Weekly SEO news: 30 November 2021
Welcome to the latest issue of our newsletter. Here are the latest website promotion and Internet marketing tips for you.

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Andre Voget, Johannes Selbach, Axandra CEO

1. Google drops deadline for mobile-first indexing

In a new blog post, Google announced that they dropped the deadline for mobile-first indexing:

"In the meantime, after analyzing the sites that are not yet indexed mobile-first, we've determined that some of these sites are still not ready to be shifted over due to various, unexpected challenges that they're facing. Because of these difficulties, we've decided to leave the timeline open for the last steps of mobile-first indexing. [..]

We currently don't have a specific final date for the move to mobile-first indexing and want to be thoughtful about the remaining bigger steps in that direction."

Mobile-first: not yet

How to prepare your website for mobile-first indexing

With mobile-first indexing, Google will only get the information from the mobile version of your website. If your content cannot be found in the mobile version of your website, Google will ignore it. Mobile SEO is important. Here are some things that you should check:

1. Check the robots meta tags on your mobile pages

Your mobile pages should use the same robots meta tags and your desktop pages. If you mobile pages use noindex or nofollow in the robots meta tag, Google might not be able to index these pages.

2. Check lazy loading web page elements

Google says that you should avoid lazy-loading your primary content based on user interactions (like swiping, clicking, or typing) because Google's web crawler won't trigger these user interactions.

3. Check your robots.txt file

Some websites block mobile URLs in the robots.txt file. If you want to be listed in Google's search results, your robots.txt file should not block your mobile pages. If you block your .css files in your robots.txt file, Google will not be able to render your pages correctly. That can have a negative impact on your Google rankings. You also shouldn't block images.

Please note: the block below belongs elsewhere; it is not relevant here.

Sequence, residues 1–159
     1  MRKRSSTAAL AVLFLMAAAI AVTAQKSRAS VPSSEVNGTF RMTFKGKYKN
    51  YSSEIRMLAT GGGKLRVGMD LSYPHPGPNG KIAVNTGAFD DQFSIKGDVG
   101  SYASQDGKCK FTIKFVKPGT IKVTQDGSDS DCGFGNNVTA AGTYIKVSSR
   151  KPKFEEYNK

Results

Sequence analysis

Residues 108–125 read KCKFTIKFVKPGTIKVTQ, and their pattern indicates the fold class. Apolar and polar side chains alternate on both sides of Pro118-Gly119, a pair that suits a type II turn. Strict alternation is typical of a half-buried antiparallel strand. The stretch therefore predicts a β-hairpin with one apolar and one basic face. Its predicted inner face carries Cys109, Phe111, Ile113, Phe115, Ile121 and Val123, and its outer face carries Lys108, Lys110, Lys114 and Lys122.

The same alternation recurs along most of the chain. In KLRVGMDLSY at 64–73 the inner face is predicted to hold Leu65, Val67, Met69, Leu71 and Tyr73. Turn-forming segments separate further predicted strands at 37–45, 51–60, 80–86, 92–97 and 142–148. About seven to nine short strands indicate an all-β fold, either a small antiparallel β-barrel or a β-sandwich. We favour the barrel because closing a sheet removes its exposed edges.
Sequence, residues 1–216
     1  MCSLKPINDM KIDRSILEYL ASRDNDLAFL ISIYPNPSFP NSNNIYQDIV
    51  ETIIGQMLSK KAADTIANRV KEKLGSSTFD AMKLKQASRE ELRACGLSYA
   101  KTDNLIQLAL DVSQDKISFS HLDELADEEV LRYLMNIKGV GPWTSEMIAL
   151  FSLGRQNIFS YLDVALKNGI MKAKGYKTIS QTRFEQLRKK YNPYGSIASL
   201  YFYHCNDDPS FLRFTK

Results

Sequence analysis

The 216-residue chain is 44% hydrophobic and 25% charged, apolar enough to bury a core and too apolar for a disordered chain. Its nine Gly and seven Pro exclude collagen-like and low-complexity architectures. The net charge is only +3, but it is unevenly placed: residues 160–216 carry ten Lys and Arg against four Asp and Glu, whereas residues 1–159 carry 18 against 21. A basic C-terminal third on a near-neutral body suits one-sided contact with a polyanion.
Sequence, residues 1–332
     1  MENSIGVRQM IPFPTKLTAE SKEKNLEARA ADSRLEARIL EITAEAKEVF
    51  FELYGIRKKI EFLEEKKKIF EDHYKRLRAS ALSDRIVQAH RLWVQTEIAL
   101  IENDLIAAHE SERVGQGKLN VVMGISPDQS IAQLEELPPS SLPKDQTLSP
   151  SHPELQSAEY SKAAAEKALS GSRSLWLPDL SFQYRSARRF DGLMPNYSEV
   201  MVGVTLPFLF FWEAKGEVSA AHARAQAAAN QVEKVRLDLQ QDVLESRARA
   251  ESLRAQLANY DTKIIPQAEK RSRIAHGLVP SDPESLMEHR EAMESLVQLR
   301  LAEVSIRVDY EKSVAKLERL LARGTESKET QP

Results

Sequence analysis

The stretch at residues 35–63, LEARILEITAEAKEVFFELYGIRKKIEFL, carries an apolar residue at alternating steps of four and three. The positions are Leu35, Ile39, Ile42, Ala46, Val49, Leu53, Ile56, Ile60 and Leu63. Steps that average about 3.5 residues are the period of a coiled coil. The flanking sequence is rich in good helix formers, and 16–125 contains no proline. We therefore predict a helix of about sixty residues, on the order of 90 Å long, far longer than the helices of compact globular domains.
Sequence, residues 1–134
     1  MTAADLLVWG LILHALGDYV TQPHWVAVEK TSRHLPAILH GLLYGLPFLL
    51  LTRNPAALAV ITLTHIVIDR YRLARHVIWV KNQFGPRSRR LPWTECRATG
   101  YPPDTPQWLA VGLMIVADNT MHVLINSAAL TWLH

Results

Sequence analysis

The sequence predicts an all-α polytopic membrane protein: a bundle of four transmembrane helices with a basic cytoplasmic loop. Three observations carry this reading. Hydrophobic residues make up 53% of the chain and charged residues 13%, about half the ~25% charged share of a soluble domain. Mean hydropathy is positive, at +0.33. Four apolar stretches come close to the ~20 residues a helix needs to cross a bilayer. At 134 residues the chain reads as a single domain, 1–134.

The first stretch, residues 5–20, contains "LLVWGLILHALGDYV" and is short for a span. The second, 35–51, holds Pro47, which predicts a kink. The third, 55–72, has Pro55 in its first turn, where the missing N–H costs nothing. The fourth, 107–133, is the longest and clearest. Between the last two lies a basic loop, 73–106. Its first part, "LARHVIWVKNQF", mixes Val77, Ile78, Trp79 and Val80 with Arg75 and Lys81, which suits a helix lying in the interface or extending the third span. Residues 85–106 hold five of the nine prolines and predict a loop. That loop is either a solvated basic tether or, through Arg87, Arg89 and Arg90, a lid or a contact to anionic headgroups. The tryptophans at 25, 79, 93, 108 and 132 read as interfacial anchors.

4. Make sure the content is the same on desktop and mobile

If the mobile version of your website has less content than the desktop version of your website, you should update the mobile version so that it's primary content is the same as on the desktop website. Remember that Google will only use the content of the mobile pages. Use the same clear and meaningful headings on your mobile pages as on your desktop pages.

5. Check images and videos

The resolution of the images on your mobile pages should not be too low and the images should not be too small. Do not use small thumbnails instead of regular images. Google considers thumbnail images low quality. Use meaningful image alt attributes that describe the contents of the images.

How to check your mobile website

The web has evolved from desktop to mobile. Without a good mobile website, you won't succeed. Google recommends responsive website design, i.e. one website that dynamically adjusts the design based on the device that is used to view a page.

You can check the mobile version of your website with the website audit tool in SEOprofiler. SEOprofiler offers many different mobile SEO tools that help you to improve the mobile rankings of your website:

Check your mobile website now

2. Internet marketing news of the week

John Mueller John Mueller: Cross-language canonical is not great

"Cross-language canonical is not great. One idea could be to just do hreflang on the homepage, and not do it for the actual content. That would help guide the branded queries to the right version, and assuming the rest are long-tail, they're probably clearer on language anyway."

The Page Experience Update was a subtle update & won't make or break a site

"The Page Experience Update was a subtle update & won't make or break a site. If you saw a significant drop, it's not from having a slower site. It's easy to sink a lot of time/money into making a faster site, but there could be bigger problems."

John MuellerGoogle: sites can be stuck in algorithm penalty limbo for several years

"Google's John Mueller said in this past Friday's hangout that in rare situations some sites can get stuck in some sort of algorithmic penalty limbo or black hole state and not be able to recover because Google stopped updating that algorithm. He said this can lead to some sites not being able to recover for several years."

John Mueller: Google's cache is not representative of what's indexed

"The cache is not necessarily representative of what's indexed, it's not meant to be used for diagnosing indexing."

+++ SEARCH +++ ENGINE +++ NEWS +++ TICKER +++

  • Google: Customers find a mix of positive and negative reviews more trustworthy.
  • Bing webmaster guidelines violation message.
  • Google Search Console still missing data.
  • Google: 'as featured on' links are normal links.
  • John Mueller: you can use the same theme on multiple sites.

3. Previous articles